Most big rivers have nurtured distinctive civilisations on its banks, and the river Rhone (aka the Rhine) in South Eastern France is no exception. Draining a good part of the region, it was one of the highways from the balmy coast to the interiors for both the Greeks and the Roman legions, as the river rose in the mountains of Switzerland and flowed down via Lake Geneva, Lyon and Avignon to reach the Mediterranean near Marseilles.
Further up from Lyon, along the tributary Saone lies Dijon, which is the heart of the Burgundy wine region, but it is the 150-km stretch from Lyon to Montelimar called the Northern Rhone where Syrah (called 'Shiraz' in Australia and elsewhere) originated and which is known to produce powerful and expressive reds like Cote-Rotie and Hermitage.
Hermitages have powerful aromas (leather, coffee, berries) and are full-bodied, while Cote-Rotie wines are elegant and finely structured. The best-known producers from this region are E. Guigal, Chapoutier, and Paul Jaboulet Aine - their wines would cost anything from $50 to $550 per bottle, depending on the vintage and the specific brand.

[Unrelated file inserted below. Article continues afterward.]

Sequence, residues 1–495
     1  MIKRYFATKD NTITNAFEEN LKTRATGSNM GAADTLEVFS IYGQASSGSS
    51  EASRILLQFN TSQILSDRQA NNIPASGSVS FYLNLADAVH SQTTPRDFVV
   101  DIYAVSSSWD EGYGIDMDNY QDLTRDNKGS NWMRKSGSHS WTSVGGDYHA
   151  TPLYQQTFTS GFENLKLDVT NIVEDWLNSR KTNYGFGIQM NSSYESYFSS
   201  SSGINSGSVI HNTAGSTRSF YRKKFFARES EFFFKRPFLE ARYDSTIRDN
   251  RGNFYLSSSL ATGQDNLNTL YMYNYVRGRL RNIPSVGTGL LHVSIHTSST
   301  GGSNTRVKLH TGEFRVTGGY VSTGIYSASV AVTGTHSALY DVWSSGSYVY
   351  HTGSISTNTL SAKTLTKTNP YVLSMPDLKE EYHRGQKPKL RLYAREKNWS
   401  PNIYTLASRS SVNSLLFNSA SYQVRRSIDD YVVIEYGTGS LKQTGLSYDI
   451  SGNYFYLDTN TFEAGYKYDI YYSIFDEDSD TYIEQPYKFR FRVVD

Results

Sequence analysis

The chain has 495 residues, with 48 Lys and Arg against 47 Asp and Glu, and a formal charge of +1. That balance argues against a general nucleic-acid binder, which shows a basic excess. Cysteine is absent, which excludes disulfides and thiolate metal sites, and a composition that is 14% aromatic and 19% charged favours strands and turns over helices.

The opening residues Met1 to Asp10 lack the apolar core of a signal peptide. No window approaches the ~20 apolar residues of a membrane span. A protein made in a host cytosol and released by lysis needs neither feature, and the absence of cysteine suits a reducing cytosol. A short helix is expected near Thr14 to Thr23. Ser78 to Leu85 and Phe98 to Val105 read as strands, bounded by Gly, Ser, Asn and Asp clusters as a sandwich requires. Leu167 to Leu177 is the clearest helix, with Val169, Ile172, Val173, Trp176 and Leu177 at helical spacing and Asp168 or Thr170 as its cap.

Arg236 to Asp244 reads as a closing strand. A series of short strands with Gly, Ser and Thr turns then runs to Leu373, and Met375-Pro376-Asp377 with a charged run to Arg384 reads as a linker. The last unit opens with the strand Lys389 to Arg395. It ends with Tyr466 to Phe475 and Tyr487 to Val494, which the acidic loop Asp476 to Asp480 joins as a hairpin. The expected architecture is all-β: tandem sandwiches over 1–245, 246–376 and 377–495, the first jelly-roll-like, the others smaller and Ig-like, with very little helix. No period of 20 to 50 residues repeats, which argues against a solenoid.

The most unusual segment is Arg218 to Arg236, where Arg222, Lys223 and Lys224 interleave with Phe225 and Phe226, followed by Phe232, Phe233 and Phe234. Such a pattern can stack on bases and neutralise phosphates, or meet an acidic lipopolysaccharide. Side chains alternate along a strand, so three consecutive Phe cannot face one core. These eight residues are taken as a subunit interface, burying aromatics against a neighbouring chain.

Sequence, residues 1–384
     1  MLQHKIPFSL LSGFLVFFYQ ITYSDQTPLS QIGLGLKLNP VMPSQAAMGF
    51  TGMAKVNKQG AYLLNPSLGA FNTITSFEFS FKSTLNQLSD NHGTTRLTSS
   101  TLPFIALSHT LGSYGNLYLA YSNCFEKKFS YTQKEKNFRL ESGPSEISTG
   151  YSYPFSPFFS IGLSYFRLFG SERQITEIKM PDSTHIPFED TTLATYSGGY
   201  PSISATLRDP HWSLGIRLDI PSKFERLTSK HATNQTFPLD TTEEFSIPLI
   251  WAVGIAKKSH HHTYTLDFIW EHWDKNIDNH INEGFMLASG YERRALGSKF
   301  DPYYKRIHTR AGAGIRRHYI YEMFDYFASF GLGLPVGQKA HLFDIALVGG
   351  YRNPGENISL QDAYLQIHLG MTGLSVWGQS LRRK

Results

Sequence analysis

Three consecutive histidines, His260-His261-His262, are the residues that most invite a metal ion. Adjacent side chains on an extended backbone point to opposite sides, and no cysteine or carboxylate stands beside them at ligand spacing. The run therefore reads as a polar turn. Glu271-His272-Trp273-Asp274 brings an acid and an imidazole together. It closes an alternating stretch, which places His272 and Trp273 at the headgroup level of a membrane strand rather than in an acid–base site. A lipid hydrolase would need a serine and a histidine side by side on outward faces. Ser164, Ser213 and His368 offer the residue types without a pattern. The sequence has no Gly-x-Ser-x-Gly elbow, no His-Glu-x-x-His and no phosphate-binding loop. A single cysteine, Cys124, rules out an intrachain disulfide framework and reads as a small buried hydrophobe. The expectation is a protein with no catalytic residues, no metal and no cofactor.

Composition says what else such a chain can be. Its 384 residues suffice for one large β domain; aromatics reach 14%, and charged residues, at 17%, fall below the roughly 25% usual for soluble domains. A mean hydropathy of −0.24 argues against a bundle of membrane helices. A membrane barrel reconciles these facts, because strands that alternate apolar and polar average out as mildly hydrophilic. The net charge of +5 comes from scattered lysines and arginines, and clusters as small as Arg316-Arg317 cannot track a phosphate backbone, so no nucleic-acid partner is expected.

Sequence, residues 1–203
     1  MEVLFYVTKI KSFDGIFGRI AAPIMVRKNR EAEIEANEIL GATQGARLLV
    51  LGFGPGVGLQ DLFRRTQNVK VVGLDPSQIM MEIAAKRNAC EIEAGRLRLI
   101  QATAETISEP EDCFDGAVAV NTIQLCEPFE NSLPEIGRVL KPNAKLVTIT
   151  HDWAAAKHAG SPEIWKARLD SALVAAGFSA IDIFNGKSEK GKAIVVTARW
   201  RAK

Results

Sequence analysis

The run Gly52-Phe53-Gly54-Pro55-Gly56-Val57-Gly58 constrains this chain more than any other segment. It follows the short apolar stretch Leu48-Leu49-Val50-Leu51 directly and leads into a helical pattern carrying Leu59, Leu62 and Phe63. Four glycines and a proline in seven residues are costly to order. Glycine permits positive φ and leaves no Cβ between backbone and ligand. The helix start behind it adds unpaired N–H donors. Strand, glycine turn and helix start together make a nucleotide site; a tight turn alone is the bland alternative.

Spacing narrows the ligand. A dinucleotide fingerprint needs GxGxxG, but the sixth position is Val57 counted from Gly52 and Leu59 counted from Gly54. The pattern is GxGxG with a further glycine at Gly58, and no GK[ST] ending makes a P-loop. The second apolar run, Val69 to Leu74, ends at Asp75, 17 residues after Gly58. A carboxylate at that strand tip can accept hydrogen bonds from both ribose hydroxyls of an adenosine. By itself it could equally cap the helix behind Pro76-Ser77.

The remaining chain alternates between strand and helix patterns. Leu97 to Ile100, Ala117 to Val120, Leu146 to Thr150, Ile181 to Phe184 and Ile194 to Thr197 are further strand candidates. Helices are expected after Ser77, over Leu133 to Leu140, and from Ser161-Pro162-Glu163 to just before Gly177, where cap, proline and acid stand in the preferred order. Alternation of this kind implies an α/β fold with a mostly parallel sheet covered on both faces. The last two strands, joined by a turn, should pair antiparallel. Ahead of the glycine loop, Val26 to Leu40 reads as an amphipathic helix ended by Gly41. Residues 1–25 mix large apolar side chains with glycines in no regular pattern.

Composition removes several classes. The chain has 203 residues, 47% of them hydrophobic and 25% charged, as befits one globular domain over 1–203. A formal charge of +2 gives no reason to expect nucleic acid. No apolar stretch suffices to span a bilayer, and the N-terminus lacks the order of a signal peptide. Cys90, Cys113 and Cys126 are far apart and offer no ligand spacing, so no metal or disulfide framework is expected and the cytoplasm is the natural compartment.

The 80-km stretch south of Montelimar upto Avignon that is known as the Southern Rhone where the climate is less continental (read 'not-so-cold') than further up north. The grapes here are mainly Grenache and Mouvedre - these produce red wines like Chateauneuf-du-Pape and Cotes du Rhone.
Chateauneuf-du-Pape ("new castle of the Pope") wines have an unusually long list of grapes that may be used - 13 varieties are allowed, including Grenache, Syrah, and Mouvedre and another 10 that most people would never have heard of.
Cotes du Rhone ('slopes of the Rhone') wines are somewhat less prestigious than the other Rhone wines mentioned above - and a lot less expensive: Wine Searcher indicates an average price of $15 per bottle, although actual prices range from $3 to $145.
The coastal region in the south of France is also known as the Languedoc-Roussillon area, and is the single biggest wine-producing area in the world - there are over 700,000 acres of vineyards here, and till 2001 it produced more wine than the entire United States (then 2.1 billion litres). The first vineyards were planted here 2,500 years ago by the Greeks; more recently the region had its share of problems with both disease (Phylloxera) and quality, and is only now emerging as a place for wines with a high QPR (quality-price ratio).
Wine I've been drinking: Saint Cosme is a winery in Southern Rhone that is situated on the site of a 2,000-year-old Roman villa and is owned by the 14th generation of the Barroul family, with the vineyards encircling a 1,000- year-old chapel (depicted on labels). The Saint Cosme Cote du Rhone 2011 that we had has loads of chocolate, espresso, cassis, and blackberries on the nose and a corpulent full-bodied palate that induced us to keep asking for more. Priced at Rs 1,900 in Bangalore, this 90-point (Wine Spectator) 100 per cent Syrah is a delightful tipple and well worth the price. 'Viva la France" once again!
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